We had the mother of all garage sales, raised thousands and lived a simpler, more minimalist lifestyle. We’ve never missed anything we sold.
The more stuff you can get rid of the better, paid storage is expensive.
I switched to temping before we went on our first 12 month trip, I found it paid better and came with tax breaks. I was a hospital scientist so don’t think temping is just for office workers. Job security stops being a priority once you have decided to leave.
Make extra money through your hobbies, sell produce from your garden, make jewelry or fabric wotnots to sell at a local market. How about face painting? It’s easy to teach yourself how to do it from the internet ( I did). Offer your services as a handyman, seamstress or baby sitter. Anything that brings in extra cash, it all adds up.
Sometimes I did a bit of face painting to help people out, there was no cash involved, but I received wine, chocolates and cinema tickets as gifts. You can’t put them in the bank, but when you are working hard raising money to travel, treats make life so much happier!
Start a blog! ( find out how here) Be prepared for a long haul and hard work, but it pays off in the end if you have the drive. Read here How to make your first $1000 with Amazon Affiliates. Affiliate schemes, along with advertising, are basically how bloggers make a living.
There are so many ways to economise. My favorite is to fix a weekly budget. Take that amount of cash out on a fixed day of the week and only spend what you have in your wallet. I find it easier to stick to a weekly budget than a monthly one.
Charts, plans and spreadsheets help a lot. As you graph your progress and see the money building up it feels good.
The trick is, to not feel like you are suffering too much, if every day is a struggle you’ll soon get sick of going without. I looked forward to getting that cash on a Thursday and having a mini splurge on wine and cake.
Don’t buy stuff. We all buy too much crap in the perceived need to make our homes and ourselves more attractive. Just stop, completely. Then start selling all the non-essential items cluttering up your house. Once you start selling stuff you get a big kick out of it, it takes the place of the buzz you get from buying something new.
Use up all the stores in your cupboards. You could probably feed the family for a week on all the food sitting on the shelves. Get it used, you’ll save money and you’ll have a nice uncluttered kitchen. Same goes for clothes, use what you’ve got, if you can’t use it, sell it.
Use reward schemes, special offers and coupons wisely. If it’s something you use and need, buy in bulk when the price is right. If it’s a ploy to make you spend more, stay away. A couple of times my weekly shop was totally covered by points on the supermarket reward card. The money I didn’t spend went in the bank.
I’ll also mention here that travel rewards ( travel hacking, Airmiles and so on) can be your best friend. We recently had a week of free hotels in Thailand thanks to Agoda reward points ( see how here).
Slow Travel Is Cheaper Travel and Other Ways to Travel for Less
Not overall, but in terms of time/dollar slow travel comes in at far better value. We can get months of travel out of one big flight and then we can overland using buses, trains and boats.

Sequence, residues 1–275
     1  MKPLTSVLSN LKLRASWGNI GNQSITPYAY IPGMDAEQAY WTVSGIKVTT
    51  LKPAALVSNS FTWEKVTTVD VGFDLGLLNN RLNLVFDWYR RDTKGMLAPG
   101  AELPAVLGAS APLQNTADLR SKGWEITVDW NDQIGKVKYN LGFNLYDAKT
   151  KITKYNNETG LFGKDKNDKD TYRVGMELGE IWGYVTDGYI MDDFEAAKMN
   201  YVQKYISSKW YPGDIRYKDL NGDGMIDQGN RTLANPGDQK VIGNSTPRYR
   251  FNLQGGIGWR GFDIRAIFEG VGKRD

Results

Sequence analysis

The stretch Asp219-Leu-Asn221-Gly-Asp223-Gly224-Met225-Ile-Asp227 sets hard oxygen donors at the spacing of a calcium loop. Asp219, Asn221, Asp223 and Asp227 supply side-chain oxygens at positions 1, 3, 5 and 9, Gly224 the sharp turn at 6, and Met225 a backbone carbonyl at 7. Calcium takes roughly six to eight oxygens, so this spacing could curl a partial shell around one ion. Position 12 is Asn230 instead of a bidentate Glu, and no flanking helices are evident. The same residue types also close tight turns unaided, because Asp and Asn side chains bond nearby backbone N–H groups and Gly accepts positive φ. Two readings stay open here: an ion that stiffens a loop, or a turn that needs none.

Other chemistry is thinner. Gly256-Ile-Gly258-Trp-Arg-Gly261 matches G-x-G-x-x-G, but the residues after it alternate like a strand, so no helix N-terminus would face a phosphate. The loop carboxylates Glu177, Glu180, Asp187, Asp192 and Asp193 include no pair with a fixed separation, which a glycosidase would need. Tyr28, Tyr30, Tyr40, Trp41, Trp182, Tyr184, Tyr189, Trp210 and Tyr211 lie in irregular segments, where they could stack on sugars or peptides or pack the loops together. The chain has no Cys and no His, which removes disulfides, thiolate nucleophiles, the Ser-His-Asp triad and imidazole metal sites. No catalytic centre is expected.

We are not huge fans of slow travel, in all honesty it bores us. You get more time for your dollar but not more experiences and for us it’s all about the latter. We intersperse our travels with slow periods, sure, we need to or life would be too intense and we’d never get anything done, but long-term slow travel isn’t for us. We certainly travel slower than the tourists and 2 week holiday makers, but we don’t enjoy private rentals and months in one spot.
The usual arguments for slow travel are as follows:
If you turn up in a town ready to stay longer you can get a better room rate. Self catering becomes possible ( self catering is NOT cheaper in many parts of Asia where a meal costs $1), local markets are normally dirt cheap. You really get a feel for a place, get to know it well, rather than rushing around tourist hot-spots You can relax.
It may be possible for you to find work as you travel, if you are under 30, this is usually easy, we, over 30s, can’t get working holiday visas, so it may be tricky. We have a post about travelling for free, including volunteering and working options. Some people do it this way, we don’t, we pay our way about 99% of the time.
It may seem like a huge task to save all that money, but it is possible. Nothing worth doing is ever easy.
When The Savings Ran Out How Did We Continue Travelling?
We still travel extensively in recent years we’ve enjoyed skiing in the Balkans, spent a month in Sri Lanka, 6 months in Hoi An,Vietnam, Christmas in Singapore ( a very expensive destination!), 2 weeks in Dubai and a month trekking in Nepal along with long stints in a very special village in Romania and London with European road trips in between.
My husband has been tempting occasionally over the years, at a lower position than normal because it pays better. It’s all above-board, he pays tax and worked at a top London hotel for a few weeks at a time. He used to be an executive chef, these days he’s happy to be a casual. Currently he has no plans to work in kitchens again as our online income more than covers us.
I’ve worked hard on the blogs, learning the trade and how to make them pay. We’re doing well now but it took time. That’s something I could help you with. If you go to our blogging section ( here) you can read more about that but it’s not something I’m trying to sell, everyone could do it, but not everyone has the drive and dedication to do it.
We still own our house in Australia and still have tenants covering all costs there plus a little extra. We overpay on that mortgage, we always have, so we have a cash buffer for any emergency or big purchases. That is our pension plan.
We get more travel for our dollar because, as bloggers, we get free perks and stays, although you’d be surprised by how rarely we accept those. I like to be up-front about that so that we all know that does happen and there’s no harm in it. I love that my know how, point of view and the audience I reach is valuable to the travel industry.
We’re glad you found us and hope we can help you live your dreams and maybe travel more. We’ll help you if we can through this website, sign up in the side bar to stay in touch.